Letters to the editor: Shoah in Poland and Holland

November 24, 2016 20:54
3 minute read.

Envelope. (photo credit: ING IMAGE/ASAP)

Shoah in Poland...

In response to “Polish ambassador lauds Warsaw’s ties with Jerusalem” (November 20), we would like to clarify and stress the following:

• It has never been claimed that “high-ranking Polish officials were involved in hiding the truth” about Polish involvement in the killing of Jews. We did, however, express our concern at some current expressions of prominent Polish representatives who have questioned the responsibility of Poland, as well as the participation of Poles, in the killings of Jews in Jedwabne and Kielce.

Despite the fact that these are well researched and well documented events in which Poles murdered Jews, there has been no renunciation of these troubling expressions.

• “Jewish academics including Israelis,” as stated in the article, do not oppose the justified struggle against the misleading term “Polish death camps.” No doubt, the camps were built by Nazi Germany on occupied Polish soil and should be referred to as such. We do, however, have deep concern regarding the forthcoming law that refers to much more than this unacceptable term. The law will allow the imprisonment of those who claim that Poles as individuals or Poland as a nation had a certain responsibility for war crimes and crimes against humanity committed during the Holocaust. Since so much is already known about Poles at all levels who took part in the murder of Jews, we see this law as a true threat to academic freedom and, in fact, freedom of thought and speech.

Tel Aviv
Prof. Porat is chief historian at Yad Vashem.
Prof. Dreifuss heads the Center for Research on the Holocaust in Poland at Yad Vashem’s International Institute for Holocaust Research.

...and in Holland

Reader Rubin Katz points out in “Proportionally low” (Letters, November 22) that claims of Poland’s lead in the number of those recognized by Yad Vashem as Righteous Among the Nations (some 6,600) are “misleading.”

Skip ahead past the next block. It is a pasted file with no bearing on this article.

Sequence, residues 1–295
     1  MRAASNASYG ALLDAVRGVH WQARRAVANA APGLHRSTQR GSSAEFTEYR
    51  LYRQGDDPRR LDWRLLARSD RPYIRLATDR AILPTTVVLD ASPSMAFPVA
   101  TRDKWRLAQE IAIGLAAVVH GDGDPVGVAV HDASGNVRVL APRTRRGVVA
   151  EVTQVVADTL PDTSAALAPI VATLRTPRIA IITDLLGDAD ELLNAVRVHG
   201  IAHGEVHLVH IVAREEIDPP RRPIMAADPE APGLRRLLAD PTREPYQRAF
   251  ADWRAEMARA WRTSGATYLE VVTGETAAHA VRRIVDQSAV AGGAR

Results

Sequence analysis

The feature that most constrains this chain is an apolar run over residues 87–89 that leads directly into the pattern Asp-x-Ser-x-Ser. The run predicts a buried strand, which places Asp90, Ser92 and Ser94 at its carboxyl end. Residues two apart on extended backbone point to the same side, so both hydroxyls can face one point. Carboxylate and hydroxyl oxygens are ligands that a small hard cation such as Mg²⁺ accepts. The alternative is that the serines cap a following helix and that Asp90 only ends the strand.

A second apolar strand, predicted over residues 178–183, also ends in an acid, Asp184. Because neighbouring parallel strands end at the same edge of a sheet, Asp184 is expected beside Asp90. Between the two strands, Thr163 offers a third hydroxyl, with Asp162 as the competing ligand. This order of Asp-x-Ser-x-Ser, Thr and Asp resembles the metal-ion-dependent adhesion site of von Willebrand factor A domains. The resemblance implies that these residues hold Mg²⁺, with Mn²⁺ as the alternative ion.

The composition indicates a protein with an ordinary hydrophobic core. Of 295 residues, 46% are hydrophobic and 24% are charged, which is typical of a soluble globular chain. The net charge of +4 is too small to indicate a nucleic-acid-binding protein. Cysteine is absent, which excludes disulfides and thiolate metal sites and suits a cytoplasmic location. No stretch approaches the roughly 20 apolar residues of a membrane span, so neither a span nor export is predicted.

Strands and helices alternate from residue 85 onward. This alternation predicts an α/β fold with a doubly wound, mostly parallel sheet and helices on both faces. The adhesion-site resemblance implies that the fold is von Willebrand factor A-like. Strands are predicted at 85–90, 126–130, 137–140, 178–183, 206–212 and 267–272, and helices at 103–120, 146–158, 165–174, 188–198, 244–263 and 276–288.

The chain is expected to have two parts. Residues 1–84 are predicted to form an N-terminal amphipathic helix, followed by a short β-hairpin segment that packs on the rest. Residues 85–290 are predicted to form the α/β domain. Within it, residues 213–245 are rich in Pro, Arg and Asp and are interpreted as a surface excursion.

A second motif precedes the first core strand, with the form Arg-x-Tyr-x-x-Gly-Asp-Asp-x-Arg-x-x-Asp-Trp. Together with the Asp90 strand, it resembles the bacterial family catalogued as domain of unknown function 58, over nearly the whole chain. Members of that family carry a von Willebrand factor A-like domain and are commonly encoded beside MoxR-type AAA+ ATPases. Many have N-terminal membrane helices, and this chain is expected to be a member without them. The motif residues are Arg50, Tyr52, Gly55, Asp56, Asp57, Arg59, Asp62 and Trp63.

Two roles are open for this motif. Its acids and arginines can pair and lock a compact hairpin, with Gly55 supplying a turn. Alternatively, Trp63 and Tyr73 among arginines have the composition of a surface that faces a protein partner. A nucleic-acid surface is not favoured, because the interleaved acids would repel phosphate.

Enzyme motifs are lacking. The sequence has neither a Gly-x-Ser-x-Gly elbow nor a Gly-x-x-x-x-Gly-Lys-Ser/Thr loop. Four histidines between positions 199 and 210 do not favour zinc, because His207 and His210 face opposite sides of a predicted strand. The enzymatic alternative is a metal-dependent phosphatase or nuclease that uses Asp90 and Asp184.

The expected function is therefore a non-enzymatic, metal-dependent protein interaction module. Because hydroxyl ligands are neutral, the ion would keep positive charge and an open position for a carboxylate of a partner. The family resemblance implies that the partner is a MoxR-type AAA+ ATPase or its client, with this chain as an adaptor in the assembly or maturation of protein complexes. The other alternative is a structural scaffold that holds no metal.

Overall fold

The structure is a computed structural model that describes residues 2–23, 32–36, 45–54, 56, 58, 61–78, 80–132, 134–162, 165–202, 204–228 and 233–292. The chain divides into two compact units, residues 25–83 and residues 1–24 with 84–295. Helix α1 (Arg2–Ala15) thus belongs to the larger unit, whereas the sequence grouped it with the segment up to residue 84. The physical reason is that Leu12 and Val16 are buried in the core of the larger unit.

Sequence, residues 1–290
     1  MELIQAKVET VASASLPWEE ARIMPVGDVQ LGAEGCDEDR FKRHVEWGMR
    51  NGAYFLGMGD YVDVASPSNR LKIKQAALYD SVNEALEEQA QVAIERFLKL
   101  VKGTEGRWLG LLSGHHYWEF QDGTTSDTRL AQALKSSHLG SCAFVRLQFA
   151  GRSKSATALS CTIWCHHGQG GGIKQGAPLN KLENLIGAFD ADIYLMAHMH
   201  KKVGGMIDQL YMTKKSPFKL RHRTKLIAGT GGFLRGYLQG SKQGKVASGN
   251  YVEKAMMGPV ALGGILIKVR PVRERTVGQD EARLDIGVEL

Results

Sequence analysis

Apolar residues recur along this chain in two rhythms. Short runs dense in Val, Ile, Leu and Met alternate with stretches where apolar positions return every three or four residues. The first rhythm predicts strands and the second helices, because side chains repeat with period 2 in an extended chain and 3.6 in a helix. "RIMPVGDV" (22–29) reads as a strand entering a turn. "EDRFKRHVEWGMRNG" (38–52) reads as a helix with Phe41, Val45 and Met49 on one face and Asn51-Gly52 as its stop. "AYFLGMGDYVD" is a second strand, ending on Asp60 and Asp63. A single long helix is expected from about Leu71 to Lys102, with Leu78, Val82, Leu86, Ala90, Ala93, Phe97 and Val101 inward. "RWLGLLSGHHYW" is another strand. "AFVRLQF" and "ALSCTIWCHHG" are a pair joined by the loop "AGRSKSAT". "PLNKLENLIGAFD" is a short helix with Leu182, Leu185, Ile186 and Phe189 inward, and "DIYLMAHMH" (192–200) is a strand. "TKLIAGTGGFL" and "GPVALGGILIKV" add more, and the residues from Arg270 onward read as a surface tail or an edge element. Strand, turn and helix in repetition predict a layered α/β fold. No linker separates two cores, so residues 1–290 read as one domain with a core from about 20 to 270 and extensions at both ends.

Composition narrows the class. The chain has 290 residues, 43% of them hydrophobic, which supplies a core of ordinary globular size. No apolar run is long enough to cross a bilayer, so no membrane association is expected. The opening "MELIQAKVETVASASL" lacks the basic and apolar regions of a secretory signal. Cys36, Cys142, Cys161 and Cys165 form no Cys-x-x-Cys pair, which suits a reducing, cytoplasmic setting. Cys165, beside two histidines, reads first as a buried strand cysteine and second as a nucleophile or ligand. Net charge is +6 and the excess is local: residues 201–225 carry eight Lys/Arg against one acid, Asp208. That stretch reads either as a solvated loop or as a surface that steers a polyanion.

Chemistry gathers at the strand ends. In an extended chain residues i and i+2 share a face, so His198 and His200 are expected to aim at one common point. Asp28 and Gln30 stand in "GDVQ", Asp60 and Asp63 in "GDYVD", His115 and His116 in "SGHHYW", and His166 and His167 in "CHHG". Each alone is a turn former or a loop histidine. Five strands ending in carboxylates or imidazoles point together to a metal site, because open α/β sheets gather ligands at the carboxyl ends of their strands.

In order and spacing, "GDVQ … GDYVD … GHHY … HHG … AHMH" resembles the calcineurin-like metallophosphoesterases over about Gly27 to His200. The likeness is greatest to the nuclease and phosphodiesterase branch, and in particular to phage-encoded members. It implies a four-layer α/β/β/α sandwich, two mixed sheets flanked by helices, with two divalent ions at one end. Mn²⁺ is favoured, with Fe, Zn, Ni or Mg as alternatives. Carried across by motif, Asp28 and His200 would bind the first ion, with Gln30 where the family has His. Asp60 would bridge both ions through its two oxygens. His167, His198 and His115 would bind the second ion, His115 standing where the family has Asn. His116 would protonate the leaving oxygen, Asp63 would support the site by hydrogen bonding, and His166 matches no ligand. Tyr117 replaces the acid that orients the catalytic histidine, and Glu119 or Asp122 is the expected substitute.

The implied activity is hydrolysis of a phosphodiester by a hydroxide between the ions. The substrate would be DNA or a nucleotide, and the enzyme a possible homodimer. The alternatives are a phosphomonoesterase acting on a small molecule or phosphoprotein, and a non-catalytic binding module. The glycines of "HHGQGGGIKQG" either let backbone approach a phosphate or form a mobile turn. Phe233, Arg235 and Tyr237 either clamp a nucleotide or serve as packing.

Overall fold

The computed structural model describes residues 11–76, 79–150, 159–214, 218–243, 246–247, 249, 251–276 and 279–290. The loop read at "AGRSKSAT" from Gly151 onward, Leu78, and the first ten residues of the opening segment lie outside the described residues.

Unfortunately, he unwittingly makes an even more misleading comparison by writing that people from the Netherlands, whose pre-war Jewish population was less than one-twentieth of that of Poland, received nearly as many awards (some 5,400).

The widespread perception that the people of the Netherlands helped the Jews during the Holocaust is not based on fact. Dutch authorities and businesses collaborated during the war, and most of the population collaborated actively or passively.

Since the war, successive Dutch governments have used blackmail to spread a false image of a tolerant and progressive country.

No more than 27% of Dutch Jews survived the war, the lowest rate in western Europe. In no other country was it so easy for the Germans to ostracize and exterminate the Jewish minority.

The reason? The Dutch authorities (and much of the population) wanted to seize the assets of individual Jews and the Jewish community.

Since the war, the Dutch establishment has used the same tactics (blackmailing the Jewish community with its own assets) to cover up its role. Jews who survived the concentration camps were fined for not paying property taxes during the Holocaust.

Properties were seized because the community could not afford to pay municipal taxes. Only in 2016 did the Amsterdam City Council agree to repay the last of the wartime fines.

Last month, files from the war relating to the fines were “accidentally” destroyed.

The files probably contained names of Dutch officials.

The Netherlands’ financial and political relationship with the State of Israel also enters into the equation. For instance, the Netherlands is the only one of 28 members of the Organization for Security and Cooperation in Europe to oppose a resolution against antisemitism (to be voted on early next month).

While Poland’s image took a blow during the Holocaust, the Dutch continue as merchants of deceit.

Tel Aviv

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